Sunday, 12 June 2016

A visit to the Marks and Spencer archive

1930's lingerie advert. I would take them all!
I had a fabulous day out on Friday with my lovely friend. We met in Leeds and went to visit the Marks and Spencer archive which is located in the Michael Marks building at the University of Leeds. It is an interesting walk from the centre of Leeds through the university campus and it takes about 25 minutes. I found out about the archive a while ago but it has taken me this long to get organised for a visit. It was well worth the wait!

Marks and Spencer is one of the most recognised shops on the UK high street and even if the fashion doesn't always float your boat I bet you still go in for basics, underwear or food. My M&S staples are cardigans, tights, pyjamas and coronation chicken sandwiches!

1970's lingerie advert. I like the florals in the middle.
The archive exists both as the archive part with a reading room that you can book into to look at M&S documents and items and as an exhibition area looking at the progression of the company through the ages.

Most of the garments and items are behind glass so please excuse the strange lights and reflections in some of the photos. I think they still give a good idea of the fashions which is what I was after.

I bet most people in the UK have at least one pair of M&S knickers!
The first part of the exhibition goes through the history of the company - the detail of which can be found in this timeline. In brief, (underwear joke ha ha ha!), in 1884 an immigrant peddler Michael Marks opened his penny bazaar in Leeds market. He stopped selling more expensive items, concentrating on things like haberdashery and everything did indeed cost a penny. Tom Spencer became a partner in 1894 bringing admin skills and financial backing. By 1900 Marks and Spencer had 36 penny bazaars and 12 high street stores.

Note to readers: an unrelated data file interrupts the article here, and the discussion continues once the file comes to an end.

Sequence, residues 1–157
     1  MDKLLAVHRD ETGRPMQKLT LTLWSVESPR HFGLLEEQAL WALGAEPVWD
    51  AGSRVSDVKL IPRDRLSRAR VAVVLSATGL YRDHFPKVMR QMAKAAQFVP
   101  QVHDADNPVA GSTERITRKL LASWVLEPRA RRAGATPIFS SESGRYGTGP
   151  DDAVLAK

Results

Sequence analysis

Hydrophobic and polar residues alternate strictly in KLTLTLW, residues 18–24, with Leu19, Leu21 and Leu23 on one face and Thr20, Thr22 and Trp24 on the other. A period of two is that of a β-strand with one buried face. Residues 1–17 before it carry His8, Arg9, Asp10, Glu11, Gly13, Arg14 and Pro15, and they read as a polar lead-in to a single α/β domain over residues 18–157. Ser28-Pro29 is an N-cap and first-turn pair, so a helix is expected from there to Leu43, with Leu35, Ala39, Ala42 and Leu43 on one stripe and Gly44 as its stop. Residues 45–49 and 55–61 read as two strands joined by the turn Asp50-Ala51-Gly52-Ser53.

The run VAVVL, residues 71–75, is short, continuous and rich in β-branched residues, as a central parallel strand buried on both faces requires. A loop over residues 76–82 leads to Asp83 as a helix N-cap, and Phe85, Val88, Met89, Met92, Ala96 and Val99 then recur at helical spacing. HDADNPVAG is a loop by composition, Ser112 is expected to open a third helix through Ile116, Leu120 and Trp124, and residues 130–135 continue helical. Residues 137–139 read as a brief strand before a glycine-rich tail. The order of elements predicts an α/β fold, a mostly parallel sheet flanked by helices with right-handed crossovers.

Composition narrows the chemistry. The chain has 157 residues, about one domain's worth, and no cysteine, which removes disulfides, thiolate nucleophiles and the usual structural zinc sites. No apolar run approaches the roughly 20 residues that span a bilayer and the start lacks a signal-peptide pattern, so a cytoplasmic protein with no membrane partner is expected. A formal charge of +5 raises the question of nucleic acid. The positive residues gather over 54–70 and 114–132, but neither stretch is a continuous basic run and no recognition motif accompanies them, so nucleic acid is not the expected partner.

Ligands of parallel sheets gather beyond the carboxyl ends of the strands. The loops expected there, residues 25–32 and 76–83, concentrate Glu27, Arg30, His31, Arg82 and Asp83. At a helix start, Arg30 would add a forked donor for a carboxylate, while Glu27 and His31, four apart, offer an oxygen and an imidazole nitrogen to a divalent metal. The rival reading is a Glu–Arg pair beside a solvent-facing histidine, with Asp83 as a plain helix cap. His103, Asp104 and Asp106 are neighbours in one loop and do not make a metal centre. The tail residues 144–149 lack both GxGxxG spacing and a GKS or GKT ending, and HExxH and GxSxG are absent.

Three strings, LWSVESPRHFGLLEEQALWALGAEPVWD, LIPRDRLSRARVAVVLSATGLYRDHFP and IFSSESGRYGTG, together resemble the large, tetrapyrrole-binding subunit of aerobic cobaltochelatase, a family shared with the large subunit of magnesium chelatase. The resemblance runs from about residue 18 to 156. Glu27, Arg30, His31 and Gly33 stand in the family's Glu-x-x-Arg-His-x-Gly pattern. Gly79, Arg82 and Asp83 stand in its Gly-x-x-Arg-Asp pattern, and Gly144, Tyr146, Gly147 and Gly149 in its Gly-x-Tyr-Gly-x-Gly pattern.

The penny pricing had to cease at the outbreak of the first world war as goods became harder to obtain and more expensive. The company survived the Depression by changing it's pricing and offering a smaller number of goods, concentrating on clothes and food. In the 1940's M&S helped the government with developing quality clothes with fewer details at lower prices, which helped to result in utility clothing.

An early M&S shop assistant's uniform and one on the right from the 1940's.
More staff uniforms, I remember the one on the right.
Logo details on the dress in the middle above.
1960's uniform, as seen on the left above.

In the 1950's and 1960's M&S concentrated on developing it's clothing, both in terms of fashions and materials. From the 1960's there was greater use of man made fabrics. The food department also changed, bringing chilled rather than frozen chickens to the housewives of the day. Convenience foods followed by 1973.

Now let's look at some fashion!

1920's vanity box
1920's kimono
These two items are made form beautiful floral fabrics. The next set of pictures are of 1940's fashions.

Look at those marvellous buttons!
I love this circus print! So much detail!

Moving on to the 1950's.

Yes please!!
Great dog scarf!
A television showing period M&S adverts.
Now for the 1960's.

Great print on that dress.
 The 1970's

The exhibition continues to cover the years up to the present day. I stopped taking photos after the 1970's display as by then I had covered all the eras whose fashions I was interested in. The exhibition at the archive isn't massive but it is well displayed and informative and really very interesting. We spent a lovely time there and really enjoyed ourselves. We then wandered back into Leeds for dinner at the M&S cafe as we felt it was only fitting! There were no coronation chicken sandwiches though!

I leave you with this one of me modelling a wartime ARP helmet.

And as it should look!